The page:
The Wisconsin Department of Health Services (DHS) has awarded 13 grants worth $830,000 over the next two years to community organizations throughout Wisconsin to help address the youth and young adult vaping epidemic.
In time for the annual peak in norovirus cases and outbreaks, the Wisconsin Department of Health Services (DHS) has launched a new online tool to encourage Wisconsinites to report food or water sickness when symptoms occur. The online questionnaire, which takes less than five minutes to complete, helps local health departments identify sources of contamination to prevent others from getting sick.
The Wisconsin Department of Health Services (DHS) recommends universal blood lead testing for children living in Wisconsin. Universal testing means all children should receive a blood lead test at ages 1 and 2 as well as any child between ages 3 and 5 who has not had a previous test. Children under 6 residing in the city of Milwaukee require additional testing per local health department guidelines.
As students begin the spring semester, the Department of Health Services (DHS) encourages parents and caregivers to be aware of Wisconsin Emergency Department data from the National Syndromic Surveillance Program that shows young people experience large increases in self-harm injuries at certain times of the year, including when school resumes after the winter holidays.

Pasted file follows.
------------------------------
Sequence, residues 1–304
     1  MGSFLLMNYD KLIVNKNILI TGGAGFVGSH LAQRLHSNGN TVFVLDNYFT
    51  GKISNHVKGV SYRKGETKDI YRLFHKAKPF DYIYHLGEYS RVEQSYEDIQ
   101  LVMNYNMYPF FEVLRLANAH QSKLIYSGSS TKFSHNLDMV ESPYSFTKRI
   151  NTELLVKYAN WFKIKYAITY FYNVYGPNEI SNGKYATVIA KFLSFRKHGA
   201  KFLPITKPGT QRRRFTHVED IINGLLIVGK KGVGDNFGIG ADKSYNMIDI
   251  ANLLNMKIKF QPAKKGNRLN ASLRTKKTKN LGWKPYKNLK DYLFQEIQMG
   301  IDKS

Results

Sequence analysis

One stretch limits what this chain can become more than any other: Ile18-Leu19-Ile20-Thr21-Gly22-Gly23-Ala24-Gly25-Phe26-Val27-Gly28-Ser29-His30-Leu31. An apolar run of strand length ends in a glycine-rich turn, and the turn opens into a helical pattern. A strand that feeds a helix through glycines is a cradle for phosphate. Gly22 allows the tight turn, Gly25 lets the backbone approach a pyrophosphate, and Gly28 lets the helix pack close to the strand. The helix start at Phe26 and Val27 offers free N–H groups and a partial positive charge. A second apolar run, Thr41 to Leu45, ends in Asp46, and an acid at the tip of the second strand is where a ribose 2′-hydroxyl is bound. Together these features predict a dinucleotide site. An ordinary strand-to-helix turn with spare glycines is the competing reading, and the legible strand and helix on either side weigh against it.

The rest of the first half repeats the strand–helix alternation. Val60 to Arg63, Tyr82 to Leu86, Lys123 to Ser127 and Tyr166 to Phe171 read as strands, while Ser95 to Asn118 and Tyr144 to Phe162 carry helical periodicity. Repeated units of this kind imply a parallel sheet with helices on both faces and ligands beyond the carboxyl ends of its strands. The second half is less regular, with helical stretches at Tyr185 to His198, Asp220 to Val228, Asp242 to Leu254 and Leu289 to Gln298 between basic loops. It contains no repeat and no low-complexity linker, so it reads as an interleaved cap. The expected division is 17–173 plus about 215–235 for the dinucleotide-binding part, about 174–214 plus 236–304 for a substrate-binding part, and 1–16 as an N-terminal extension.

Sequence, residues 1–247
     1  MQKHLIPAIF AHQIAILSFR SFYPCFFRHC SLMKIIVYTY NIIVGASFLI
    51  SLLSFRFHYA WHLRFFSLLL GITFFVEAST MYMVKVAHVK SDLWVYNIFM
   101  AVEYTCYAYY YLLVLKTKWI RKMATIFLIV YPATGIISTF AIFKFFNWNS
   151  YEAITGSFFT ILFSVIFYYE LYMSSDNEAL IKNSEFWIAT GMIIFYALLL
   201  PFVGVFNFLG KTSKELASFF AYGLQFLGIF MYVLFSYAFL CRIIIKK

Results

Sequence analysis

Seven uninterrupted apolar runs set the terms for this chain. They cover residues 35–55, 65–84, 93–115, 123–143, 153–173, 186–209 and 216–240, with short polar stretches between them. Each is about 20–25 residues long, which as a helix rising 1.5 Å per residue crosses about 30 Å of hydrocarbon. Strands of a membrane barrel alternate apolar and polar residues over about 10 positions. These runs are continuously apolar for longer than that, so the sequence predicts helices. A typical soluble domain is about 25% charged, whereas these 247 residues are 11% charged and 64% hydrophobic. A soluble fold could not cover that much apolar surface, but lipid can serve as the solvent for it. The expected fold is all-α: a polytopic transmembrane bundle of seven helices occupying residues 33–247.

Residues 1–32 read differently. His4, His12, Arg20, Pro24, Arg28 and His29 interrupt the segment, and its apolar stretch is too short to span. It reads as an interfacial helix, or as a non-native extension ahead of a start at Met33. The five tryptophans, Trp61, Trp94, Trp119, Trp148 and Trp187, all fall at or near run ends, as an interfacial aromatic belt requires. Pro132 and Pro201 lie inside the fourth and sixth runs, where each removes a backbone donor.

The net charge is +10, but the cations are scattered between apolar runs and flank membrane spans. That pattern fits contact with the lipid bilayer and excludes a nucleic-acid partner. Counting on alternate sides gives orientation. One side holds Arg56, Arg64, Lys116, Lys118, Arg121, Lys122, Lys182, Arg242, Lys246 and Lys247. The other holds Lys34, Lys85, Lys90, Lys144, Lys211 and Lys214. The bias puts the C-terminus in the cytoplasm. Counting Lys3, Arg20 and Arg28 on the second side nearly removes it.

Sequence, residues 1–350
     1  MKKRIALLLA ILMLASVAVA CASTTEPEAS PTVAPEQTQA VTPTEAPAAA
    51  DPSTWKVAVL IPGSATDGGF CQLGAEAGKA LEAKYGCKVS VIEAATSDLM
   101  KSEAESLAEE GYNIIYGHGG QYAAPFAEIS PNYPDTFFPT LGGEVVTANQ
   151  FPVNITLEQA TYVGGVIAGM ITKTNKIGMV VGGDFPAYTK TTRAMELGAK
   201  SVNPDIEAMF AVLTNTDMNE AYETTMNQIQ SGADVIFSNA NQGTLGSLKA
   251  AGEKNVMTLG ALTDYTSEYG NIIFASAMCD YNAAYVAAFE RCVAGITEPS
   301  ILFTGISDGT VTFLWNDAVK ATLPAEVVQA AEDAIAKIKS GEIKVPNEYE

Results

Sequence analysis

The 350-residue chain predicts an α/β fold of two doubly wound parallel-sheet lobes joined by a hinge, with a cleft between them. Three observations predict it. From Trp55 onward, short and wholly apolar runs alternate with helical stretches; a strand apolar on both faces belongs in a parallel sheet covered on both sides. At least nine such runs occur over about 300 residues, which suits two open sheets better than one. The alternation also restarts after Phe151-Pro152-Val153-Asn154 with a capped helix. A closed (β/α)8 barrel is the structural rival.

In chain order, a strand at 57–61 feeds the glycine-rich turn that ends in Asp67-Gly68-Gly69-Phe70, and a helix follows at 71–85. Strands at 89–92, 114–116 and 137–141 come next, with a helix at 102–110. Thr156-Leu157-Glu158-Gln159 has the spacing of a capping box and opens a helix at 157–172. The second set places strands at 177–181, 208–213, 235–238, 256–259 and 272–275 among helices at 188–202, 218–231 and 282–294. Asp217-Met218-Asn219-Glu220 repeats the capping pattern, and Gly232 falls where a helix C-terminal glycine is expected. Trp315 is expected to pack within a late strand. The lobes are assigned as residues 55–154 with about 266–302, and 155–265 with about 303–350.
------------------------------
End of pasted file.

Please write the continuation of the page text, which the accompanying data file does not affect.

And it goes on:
With cases of Respiratory Syncytial Virus (RSV) rising across Wisconsin, the Department of Health Services (DHS) is urging pregnant Wisconsinites to get the vaccine to protect their baby from the virus. As of January 10 there have been 1,402 people in Wisconsin hospitalized with RSV this season, 580 of those are children under age 2.
A youth crisis stabilization facility is now open in Watertown, with start-up funding provided by the Wisconsin Department of Health Services (DHS). The eight-bed center in the former Alyea House at Camp Matz is operated by Milwaukee-based Wisconsin Community Services under an agreement with the Jefferson County Human Services Department.
Most new and existing members of Wisconsin's BadgerCare Plus and other Medicaid programs who are under age 19 can now keep their health insurance benefits for at least 12 months, even if their family's income increases or they no longer meet program rules. This new policy aims to improve health outcomes for children by stabilizing their access to care. States were required to implement this change made by the Consolidated Appropriations Act, passed by Congress in December 2022.
During National Radon Action Month, the Wisconsin Department of Health Services (DHS) is encouraging home and building owners, along with child care providers, to test their buildings for radon.
Radon, an odorless, radioactive gas naturally present in the ground, is found across Wisconsin, and enters buildings through their foundations. Approximately one in 10 homes in our state have elevated radon levels.